Pakistan Railways: Get Rid of It After PIA Sale

The future of Pakistan Railways is dead and should be next in line for privatization after Pakistan International Airlines (PIA).

PIA has attracted interest from Germany, France, the Netherlands, Qatar, UAE, Malaysia, and Turkey, the same countries with some of the best railway infrastructure in the world. Looks easier, but the railways business is a lot more complicated than aviation.

“Pakistan Railways won’t make it and the new federal government must consider selling it now. Give it 2-3 years. Authorities were warned in the past when power generation was being underreported and now the public pays FPAs and QTAs because of that. Sell it now and let real estate and telecom have at it,” a former member of the Islamabad Chamber of Commerce and Industry told ProPakistani.

Despite numerous attempts to revive it, the Railways industry continues to falter, prompting calls for immediate divestment. Trucks are increasingly and rightfully usurping trains. Meanwhile, valuable railway assets rust away or fall prey to theft.

Railways is Cheaper Than Everything But Costs A Lot If Left Unused

Railways is in principle cheaper than road transport, including fees for loading/unloading, dispatching, and receiving passengers or goods at the origin and destination.

A train can carry roughly 3,500 tons or what 100 four-wheel trucks can hold. A mainline passenger train with 12 coaches can accommodate over 1,100 passengers. Other reasons included, this makes rail the best choice for everything.

But for a few years now, Pakistan Railways has carried less than 5 percent of national traffic and still employs thousands, gets access to the national power grid, and over 350,000 liters of diesel on a daily basis. This is a waste of critical resources.

Everything Looks Small After Comparing With India

Compared to India, our neighbor has successfully leveraged its railway network as an economic powerhouse. But Pakistani authorities have essentially left it for stray dogs in a haunted alley, where railways have incurred staggering losses amounting to Rs. 55 billion in fiscal year 2022-23 alone.

Pakistan Railways’ social score is also low, delaying booked fares for nearly 18,600 hours and arriving late on 60 percent of the confirmed slots during FY23.

Historically, Pakistan Railways enjoyed widespread popularity and efficiency until the 1960s, handling the lion’s share of commercial goods transportation. Subsequent decades witnessed a decline marred by vested interests and bureaucratic ineptitude, rendering it one of the country’s most useless and corrupt sectors. Today, its cargo handling capacity has dwindled and lost public trust while truckers flourish.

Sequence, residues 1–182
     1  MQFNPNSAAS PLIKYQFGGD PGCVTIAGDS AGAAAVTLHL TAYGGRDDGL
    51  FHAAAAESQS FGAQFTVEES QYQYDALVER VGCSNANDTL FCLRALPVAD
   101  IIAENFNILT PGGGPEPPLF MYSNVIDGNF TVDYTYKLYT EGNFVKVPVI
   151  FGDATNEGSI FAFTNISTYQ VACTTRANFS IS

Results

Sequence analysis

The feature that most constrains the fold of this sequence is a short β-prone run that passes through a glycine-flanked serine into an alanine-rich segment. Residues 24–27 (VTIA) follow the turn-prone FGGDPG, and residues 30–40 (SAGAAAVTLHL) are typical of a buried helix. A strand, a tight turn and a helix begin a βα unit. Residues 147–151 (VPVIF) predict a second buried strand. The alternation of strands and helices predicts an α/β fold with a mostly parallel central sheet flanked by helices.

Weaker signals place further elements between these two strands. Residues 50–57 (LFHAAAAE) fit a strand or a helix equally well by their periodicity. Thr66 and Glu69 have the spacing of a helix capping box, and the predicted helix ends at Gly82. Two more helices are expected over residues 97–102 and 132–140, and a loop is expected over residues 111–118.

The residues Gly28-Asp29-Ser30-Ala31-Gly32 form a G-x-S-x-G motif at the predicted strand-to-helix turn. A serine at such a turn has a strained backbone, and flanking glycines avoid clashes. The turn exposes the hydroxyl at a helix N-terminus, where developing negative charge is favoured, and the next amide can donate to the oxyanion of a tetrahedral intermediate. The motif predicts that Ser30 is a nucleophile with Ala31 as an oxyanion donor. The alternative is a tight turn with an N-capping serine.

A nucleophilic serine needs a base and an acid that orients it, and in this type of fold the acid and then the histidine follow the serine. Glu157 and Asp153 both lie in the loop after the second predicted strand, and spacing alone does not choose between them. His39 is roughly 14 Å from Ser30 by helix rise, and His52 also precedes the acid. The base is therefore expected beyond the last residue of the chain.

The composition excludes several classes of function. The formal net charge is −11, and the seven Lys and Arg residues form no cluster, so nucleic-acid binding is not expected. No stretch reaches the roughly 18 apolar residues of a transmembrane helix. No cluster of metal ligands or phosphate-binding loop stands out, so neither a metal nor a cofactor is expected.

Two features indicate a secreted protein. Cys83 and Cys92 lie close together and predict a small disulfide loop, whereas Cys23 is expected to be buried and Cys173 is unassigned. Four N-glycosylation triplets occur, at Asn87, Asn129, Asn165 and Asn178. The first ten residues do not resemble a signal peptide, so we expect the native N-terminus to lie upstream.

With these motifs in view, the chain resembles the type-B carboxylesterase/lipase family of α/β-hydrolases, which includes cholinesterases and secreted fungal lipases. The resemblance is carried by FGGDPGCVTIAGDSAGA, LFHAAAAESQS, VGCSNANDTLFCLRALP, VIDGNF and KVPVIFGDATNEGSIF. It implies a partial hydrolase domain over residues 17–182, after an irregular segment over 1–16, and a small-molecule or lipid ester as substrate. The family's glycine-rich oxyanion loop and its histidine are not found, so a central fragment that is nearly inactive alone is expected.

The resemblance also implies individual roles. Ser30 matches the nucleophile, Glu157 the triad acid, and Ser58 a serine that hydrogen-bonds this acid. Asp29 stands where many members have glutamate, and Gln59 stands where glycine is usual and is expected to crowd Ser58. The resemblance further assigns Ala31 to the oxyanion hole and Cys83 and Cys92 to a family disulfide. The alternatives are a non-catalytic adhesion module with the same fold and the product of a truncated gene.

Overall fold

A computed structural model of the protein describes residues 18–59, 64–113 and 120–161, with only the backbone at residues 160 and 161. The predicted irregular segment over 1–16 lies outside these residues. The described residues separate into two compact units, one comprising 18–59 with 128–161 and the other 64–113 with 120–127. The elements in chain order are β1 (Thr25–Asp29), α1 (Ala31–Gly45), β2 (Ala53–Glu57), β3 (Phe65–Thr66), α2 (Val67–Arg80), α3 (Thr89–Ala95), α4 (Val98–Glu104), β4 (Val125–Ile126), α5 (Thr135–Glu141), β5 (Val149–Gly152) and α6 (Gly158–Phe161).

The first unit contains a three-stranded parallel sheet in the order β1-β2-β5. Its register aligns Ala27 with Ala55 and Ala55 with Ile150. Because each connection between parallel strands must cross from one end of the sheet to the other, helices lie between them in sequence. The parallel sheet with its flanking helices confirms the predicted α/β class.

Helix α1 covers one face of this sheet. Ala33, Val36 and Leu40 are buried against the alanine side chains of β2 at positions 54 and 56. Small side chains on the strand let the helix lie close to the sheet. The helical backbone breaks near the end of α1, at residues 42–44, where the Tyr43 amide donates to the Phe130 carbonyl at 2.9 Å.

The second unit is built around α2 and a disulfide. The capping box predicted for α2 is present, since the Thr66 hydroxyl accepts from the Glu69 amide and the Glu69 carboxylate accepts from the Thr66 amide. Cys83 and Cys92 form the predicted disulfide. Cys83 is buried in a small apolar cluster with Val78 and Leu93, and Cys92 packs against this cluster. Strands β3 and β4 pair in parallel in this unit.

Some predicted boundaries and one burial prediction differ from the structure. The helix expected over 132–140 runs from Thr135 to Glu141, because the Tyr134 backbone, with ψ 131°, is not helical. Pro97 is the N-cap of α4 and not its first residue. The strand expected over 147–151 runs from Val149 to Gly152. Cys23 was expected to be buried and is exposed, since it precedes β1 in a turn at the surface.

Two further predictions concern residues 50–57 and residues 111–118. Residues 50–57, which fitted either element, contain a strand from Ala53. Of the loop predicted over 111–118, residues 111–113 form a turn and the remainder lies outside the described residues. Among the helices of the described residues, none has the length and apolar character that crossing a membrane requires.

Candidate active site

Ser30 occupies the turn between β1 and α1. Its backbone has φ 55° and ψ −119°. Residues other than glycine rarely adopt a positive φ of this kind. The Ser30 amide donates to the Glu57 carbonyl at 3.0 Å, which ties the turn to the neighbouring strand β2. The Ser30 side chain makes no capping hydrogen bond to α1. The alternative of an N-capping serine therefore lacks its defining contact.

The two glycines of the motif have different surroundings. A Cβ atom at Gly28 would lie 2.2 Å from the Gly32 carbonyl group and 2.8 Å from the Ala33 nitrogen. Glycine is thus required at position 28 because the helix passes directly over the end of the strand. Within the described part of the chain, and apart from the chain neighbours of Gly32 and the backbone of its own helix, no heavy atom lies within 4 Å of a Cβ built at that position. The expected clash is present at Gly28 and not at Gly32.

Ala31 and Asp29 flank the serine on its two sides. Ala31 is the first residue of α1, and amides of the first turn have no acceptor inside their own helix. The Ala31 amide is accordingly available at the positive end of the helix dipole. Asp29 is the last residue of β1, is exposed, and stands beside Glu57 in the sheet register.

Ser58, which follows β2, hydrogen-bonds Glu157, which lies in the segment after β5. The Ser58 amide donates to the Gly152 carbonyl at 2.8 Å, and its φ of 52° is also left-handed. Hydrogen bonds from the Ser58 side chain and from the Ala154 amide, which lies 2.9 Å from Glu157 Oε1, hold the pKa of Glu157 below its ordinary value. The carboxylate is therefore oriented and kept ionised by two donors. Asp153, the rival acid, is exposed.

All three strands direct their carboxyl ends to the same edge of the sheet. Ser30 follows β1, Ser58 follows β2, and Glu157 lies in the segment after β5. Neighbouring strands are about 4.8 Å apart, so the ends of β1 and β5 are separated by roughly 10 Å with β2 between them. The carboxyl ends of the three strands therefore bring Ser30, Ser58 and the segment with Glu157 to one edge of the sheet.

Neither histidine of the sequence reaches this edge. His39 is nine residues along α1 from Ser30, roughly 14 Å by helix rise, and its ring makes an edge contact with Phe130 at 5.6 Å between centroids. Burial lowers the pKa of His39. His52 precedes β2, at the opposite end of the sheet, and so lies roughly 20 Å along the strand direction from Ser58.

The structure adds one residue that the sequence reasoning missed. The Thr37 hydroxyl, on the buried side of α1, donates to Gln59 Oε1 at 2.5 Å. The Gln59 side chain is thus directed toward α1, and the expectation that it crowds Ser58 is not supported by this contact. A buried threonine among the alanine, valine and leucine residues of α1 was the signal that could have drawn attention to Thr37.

The misuse of trucks and trailers for inter-provincial transportation, despite being costlier and burdensome for the public, is a sign that the Railways business is dead and must be urgently sold off to avoid more embarrassment. Do you know railway land is also subject to encroachment and sabotage, and quick bait for ripping off telecom companies for fiber broadband track crossing?

Given its financial woes, Pakistan Railways last year drastically increased the right of way (ROW) charges of a single-track crossing. With the spread of fiber broadband, it seized the opportunity to make money from ROW charges and in 2007, increased charges to Rs. 2.7 million for 5 years. As of December 2023, these charges have crossed Rs. 3.8 million and telecom companies have no choice but to pay.

While ideal, opposition to the railway’s privatization stems mostly from politicians. Yet, policymakers acknowledge the critical role an efficient railway system plays in commerce, reducing transportation costs, and bringing untenable destinations within focus.

But unfortunately, a litany of woes, including neglect, poor policies, financial mismanagement, corruption, and outdated technology, has plunged the railways into massive budget deficits, leaving no hope for its long-term sustainability.

Prime Minister Shehbaz Sharif last week demanded authorities to build a rail link between Reko Diq and Gwadar port in Balochistan, which people privy to this development see as a last chance to revive what’s left of the sector.

After the PIA privatization, calls to divest Pakistan Railways grow louder. This analyst views entities like PEMRA and Pakistan Steel Mills to be pawned off in the coming years. But the debate on Railways must be re-ignited and expanded. After PIA, the Finance Division must sell the trains, or at least try to.

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    • agree with you now we can use railway for freight too. railway is best i have travelled in bus and i will prefer railway over bus.

  • What is the real reason behind Pakistan Railways failure???? This is Mufta Mafia, few passes to all Ministers / MNAs / MPAs and their families + Mufta to all Railway employees + Judges and their families. Root cause of Railways losses. The Mafias should be removed at all cost from Pakistan economy.

  • Why not privitise the biggest white elephants of our country, i.e beurocracy, National assembly & Senate….

  • Thanks these Govt authorities who’s take this initiative, & please terminate pensenion of old employees railway

  • If after 77 years we are looking for foreign investors: then what’s the point of sending the East India Company back to the pavilion? I believe we are a capable nation! We should work hard for reforms of our public institutes rather than protesting for privatization.

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